A casino is a public place where various games of chance are played. Gambling is the primary source of revenue for most casinos. In addition to gambling, some casinos offer food and beverage service and stage shows. Modern casinos are like indoor amusement parks for adults.

There are more than 1,000 casinos in the United States. Las Vegas is the largest gaming market, followed by Atlantic City and Chicago. Casinos are also found in Indian tribal lands and on military bases. Some are owned by organized crime groups, which have a tainted image.

Gambling in some form has been part of human culture for millennia. It has been practiced in Mesopotamia, Ancient Egypt, China and Rome. Modern casino games include slot machines, roulette, blackjack, poker, craps, baccarat and horse racing.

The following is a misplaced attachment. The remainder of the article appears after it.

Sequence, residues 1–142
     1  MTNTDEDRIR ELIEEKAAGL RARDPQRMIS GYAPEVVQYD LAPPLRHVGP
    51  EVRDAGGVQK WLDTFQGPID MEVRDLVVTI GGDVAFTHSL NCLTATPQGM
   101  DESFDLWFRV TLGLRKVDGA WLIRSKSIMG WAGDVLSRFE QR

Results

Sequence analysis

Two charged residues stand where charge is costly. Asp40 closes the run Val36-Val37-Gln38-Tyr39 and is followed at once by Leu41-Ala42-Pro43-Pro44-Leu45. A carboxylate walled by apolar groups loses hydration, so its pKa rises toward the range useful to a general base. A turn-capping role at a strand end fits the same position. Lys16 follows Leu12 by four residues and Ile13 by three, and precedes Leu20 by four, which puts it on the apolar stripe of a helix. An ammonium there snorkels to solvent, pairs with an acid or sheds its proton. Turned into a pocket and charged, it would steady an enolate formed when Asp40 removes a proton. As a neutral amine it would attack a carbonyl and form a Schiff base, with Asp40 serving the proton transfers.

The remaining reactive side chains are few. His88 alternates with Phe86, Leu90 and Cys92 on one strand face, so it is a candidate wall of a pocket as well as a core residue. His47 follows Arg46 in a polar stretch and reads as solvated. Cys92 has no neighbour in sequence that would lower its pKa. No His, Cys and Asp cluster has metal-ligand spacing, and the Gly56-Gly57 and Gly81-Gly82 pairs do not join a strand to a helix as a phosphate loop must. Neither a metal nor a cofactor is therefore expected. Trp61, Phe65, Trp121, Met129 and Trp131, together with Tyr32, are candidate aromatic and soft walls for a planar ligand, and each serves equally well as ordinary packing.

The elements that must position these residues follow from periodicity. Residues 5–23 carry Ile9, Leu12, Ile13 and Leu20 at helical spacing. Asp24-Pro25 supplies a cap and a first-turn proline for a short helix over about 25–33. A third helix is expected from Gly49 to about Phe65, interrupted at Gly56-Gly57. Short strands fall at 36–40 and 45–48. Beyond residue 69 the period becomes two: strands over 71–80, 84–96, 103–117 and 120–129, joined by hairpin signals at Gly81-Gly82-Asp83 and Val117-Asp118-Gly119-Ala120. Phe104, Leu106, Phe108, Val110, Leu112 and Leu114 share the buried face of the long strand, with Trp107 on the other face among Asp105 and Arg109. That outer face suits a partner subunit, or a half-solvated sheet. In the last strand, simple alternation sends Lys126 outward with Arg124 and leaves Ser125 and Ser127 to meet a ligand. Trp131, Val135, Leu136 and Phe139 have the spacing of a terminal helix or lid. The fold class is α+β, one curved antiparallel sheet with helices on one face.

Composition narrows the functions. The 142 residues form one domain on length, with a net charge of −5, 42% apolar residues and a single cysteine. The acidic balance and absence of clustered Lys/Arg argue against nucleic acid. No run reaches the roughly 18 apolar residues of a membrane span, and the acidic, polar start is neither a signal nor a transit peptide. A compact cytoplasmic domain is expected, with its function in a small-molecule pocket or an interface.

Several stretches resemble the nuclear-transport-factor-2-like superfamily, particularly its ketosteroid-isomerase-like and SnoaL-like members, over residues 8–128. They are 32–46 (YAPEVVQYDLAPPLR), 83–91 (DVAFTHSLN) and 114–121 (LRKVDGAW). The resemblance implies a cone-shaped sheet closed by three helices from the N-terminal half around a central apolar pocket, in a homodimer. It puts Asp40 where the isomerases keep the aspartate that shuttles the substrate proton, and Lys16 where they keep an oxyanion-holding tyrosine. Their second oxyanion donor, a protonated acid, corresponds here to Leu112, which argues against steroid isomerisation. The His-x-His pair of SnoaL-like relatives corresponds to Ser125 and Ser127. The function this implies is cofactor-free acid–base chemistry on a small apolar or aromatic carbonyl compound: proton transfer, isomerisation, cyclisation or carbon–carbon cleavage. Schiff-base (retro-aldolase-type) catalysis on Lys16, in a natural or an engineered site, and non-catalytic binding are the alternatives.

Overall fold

Casinos make money by charging patrons for admission and by taking a percentage of their bets. This is called the vig or rake. Most casino games have a built in house edge, which is a mathematical advantage for the house. The advantage can be small, but it adds up over millions of bets.

Because of the large amount of money handled within a casino, it is easy for patrons and staff to cheat or steal. To combat this, most casinos have elaborate security measures. These may include cameras, random number generators and other technological innovations. They may also employ red lighting, which is thought to make players lose track of time.